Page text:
With a show that is as demanding as Mamma Mia! Charlotte has to work very hard, especially as her character Sophie is such a content-heavy role. Before securing Sophie in the West End, Charlotte also played the main character for a year on the International Tour.
“Touring is completely different to working in the West End! We did a worldwide tour of Mamma Mia! and spent about 2 weeks in each place. We were playing on a much bigger scale – the set was twice the size! – and sometimes played to arenas of around 5,000 people, which was a massive experience! The show atmosphere was very different, and we were able to go and visit places and explore during the day, which meant travelling to these amazing places was so much fun, while we were doing a job we loved.”
The bright lights of the West End have called Charlotte back, and now she has chance to reflect.
“I always wanted to play Sophie, and I got the chance to do it whilst travelling the world, as well as doing it here in London now – I was lucky to be cast again. I wanted to work in this industry for years! The West End seems like a dreamy place, but we have to work hard at our jobs. It’s taxing on our bodies with injuries and exhaustion, and performing is a dream for most people. There are lots of tough parts to doing your hobby professionally – your friends can be your competitors in auditions, and you need a lot of stamina, physically and mentally. But, once you get on stage you absolutely want to do it!”
The role of Sophie is a busy one for Charlotte, but she relishes in being able to give the audience something special, especially in a show that is as popular as Mamma Mia!.
“I haven’t got a favourite part of the show as the whole thing is so much fun. There’s a big finale which is a 7 minute long megamix of ABBA songs and lots of dancing. The audience can finally stand up and dance and sing too after itching to join in, and can let go and enjoy themselves! Sophie is a very hectic role, so if I ever come off stage it’s for a quick costume change and I’m back on – the whole show is one big scene for me!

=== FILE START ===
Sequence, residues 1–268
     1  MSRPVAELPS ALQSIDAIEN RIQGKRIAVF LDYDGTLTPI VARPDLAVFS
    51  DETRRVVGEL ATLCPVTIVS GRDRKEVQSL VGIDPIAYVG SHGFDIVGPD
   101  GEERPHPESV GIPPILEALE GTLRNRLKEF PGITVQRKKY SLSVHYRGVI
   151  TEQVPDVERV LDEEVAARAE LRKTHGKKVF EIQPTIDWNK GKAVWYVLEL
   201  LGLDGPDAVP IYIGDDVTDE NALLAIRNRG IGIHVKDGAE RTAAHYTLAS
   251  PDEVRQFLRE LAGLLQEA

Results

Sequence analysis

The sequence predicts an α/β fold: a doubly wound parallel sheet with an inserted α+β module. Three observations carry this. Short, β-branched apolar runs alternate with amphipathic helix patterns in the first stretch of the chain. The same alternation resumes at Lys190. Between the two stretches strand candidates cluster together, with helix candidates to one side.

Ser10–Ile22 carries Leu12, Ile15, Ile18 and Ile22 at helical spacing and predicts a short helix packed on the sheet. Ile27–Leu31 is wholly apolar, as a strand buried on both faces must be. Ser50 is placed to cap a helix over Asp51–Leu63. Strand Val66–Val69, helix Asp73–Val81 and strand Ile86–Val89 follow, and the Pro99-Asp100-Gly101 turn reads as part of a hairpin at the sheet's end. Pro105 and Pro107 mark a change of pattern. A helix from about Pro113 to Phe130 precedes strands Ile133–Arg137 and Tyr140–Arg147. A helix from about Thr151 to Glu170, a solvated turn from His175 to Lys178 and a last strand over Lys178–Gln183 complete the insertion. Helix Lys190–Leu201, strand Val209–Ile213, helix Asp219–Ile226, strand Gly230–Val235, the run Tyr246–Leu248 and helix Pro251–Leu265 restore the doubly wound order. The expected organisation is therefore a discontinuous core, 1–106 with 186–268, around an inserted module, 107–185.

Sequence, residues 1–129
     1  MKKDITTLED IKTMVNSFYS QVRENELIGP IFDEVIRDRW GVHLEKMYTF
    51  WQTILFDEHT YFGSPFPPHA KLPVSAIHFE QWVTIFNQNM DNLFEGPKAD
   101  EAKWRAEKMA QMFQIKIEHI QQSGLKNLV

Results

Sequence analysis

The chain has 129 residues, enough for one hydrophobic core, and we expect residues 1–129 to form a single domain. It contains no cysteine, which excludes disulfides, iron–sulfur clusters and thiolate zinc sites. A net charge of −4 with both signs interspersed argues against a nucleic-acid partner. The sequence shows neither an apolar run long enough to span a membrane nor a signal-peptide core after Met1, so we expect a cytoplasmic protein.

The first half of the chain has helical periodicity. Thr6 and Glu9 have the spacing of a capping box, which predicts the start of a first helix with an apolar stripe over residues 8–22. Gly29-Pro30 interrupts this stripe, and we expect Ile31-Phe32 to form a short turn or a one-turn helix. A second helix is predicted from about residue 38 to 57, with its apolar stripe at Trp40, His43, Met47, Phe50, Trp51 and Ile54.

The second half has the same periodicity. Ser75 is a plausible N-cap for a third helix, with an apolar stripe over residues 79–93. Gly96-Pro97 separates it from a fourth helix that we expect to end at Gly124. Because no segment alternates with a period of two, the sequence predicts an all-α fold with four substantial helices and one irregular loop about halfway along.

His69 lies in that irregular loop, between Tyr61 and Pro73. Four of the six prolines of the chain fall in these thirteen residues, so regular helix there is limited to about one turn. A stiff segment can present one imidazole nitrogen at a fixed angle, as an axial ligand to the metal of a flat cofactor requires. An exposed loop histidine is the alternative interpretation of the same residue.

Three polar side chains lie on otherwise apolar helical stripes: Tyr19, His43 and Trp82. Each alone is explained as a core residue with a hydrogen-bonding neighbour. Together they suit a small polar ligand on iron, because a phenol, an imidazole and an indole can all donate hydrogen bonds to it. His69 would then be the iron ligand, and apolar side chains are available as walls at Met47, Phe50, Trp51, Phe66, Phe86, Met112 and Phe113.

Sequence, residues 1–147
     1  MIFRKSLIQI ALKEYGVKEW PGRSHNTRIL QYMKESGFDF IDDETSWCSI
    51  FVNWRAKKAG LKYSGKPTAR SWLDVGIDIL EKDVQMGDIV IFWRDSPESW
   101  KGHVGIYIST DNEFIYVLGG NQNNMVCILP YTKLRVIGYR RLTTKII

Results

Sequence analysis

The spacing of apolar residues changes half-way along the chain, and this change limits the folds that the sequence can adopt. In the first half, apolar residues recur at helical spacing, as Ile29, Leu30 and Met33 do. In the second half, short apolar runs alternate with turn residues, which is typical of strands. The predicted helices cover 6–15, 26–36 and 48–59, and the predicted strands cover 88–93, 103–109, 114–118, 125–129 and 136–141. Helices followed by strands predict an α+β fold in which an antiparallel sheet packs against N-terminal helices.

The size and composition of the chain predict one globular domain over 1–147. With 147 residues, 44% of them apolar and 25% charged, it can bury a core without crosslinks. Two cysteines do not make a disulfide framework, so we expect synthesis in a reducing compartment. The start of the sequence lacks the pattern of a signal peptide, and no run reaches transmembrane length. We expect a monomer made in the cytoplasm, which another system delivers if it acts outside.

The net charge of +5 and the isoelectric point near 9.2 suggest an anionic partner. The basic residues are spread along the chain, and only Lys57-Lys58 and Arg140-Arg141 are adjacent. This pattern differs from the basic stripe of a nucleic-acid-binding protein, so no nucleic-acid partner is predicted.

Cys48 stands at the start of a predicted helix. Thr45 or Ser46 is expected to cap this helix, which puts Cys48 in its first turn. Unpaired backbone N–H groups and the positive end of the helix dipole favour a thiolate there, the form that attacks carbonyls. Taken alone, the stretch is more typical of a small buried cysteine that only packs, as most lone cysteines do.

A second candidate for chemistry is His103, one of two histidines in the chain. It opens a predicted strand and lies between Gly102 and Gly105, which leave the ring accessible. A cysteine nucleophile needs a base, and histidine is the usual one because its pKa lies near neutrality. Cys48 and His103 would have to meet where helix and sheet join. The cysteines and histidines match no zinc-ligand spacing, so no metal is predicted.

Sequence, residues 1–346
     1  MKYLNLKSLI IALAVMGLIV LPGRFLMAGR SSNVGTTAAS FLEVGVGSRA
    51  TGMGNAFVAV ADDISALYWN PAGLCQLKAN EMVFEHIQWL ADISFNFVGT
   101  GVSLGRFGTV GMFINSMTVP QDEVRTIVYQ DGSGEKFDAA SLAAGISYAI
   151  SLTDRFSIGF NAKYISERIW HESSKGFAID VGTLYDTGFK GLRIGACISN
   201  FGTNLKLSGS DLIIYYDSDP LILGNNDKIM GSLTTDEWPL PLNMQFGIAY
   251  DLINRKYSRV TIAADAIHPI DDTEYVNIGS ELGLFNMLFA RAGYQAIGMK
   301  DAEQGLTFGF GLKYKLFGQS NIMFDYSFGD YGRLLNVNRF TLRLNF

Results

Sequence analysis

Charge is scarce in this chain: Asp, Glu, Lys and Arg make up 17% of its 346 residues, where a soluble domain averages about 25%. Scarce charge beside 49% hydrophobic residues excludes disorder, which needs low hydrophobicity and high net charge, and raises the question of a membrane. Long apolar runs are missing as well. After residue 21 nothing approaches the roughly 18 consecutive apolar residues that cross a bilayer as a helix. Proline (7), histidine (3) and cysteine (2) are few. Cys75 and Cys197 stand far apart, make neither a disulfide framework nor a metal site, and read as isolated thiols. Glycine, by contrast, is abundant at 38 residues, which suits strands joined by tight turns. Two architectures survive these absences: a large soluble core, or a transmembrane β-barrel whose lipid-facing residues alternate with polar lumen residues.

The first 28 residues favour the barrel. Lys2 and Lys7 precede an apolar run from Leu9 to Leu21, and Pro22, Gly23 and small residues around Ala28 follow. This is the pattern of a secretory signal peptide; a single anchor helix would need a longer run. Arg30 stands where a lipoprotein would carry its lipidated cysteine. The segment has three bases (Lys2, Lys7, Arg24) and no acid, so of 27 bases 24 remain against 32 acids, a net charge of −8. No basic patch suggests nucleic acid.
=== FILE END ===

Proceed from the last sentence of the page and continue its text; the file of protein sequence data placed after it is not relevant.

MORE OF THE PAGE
Sophie’s relationships with the many characters are varied, but it seems none matches that with her free-spirited mother Donna, forming much of the dynamic within the show.
“Donna and Sophie are very close characters as they are both fairly free spirits. There is no husband/father figure as such in their lives and they have built up their existence on a Greek island on their own. Their relationship is quite casual, more friend-like than authoritative mother-daughter. Sophie is free too and is naive for that reason, and that’s what causes their fall-out. It’s an odd feeling as they are very similar, but the audiences love the characters and the relationship between them.”
With Mothering Sunday coming, the eternal relationship between Sophie and Donna is epitomised by mothers and daughters everywhere. Charlotte thinks seeing Mamma Mia! is the perfect mother and daughter outing, with now being an ideal time.
“Sophie putting on her wedding dress and getting married are just two lovely moments which make up the female-strong show. Slipping through my fingers is particularly moving song about mother-daughter relationships, as well as the friendships and girl power which make the show happy and uplifting for mothers and daughters watching. Mamma Mia! definitely gives something to share with mothers and daughters being together.
Coming to a close, Charlotte gives a few pointers and helpful advice for aspiring performers.
“Always remain positive. There is so much rejection in the industry that you have to keep trying, be strong willed and always accept criticism. Be over prepared for auditions and make sure that you really want to enter the industry, because if not there will always be someone who wants it more than you! Above all, it is the most fun job in the world but it is not easy. Work hard!”